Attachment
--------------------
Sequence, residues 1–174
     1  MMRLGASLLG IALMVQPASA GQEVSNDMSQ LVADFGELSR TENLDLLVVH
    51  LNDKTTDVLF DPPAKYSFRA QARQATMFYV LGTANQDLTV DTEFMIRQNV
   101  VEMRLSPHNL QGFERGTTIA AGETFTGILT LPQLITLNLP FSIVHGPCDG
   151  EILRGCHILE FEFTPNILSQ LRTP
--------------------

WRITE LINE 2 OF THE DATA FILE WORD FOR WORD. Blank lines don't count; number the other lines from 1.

     1  MMRLGASLLG IALMVQPASA GQEVSNDMSQ LVADFGELSR TENLDLLVVH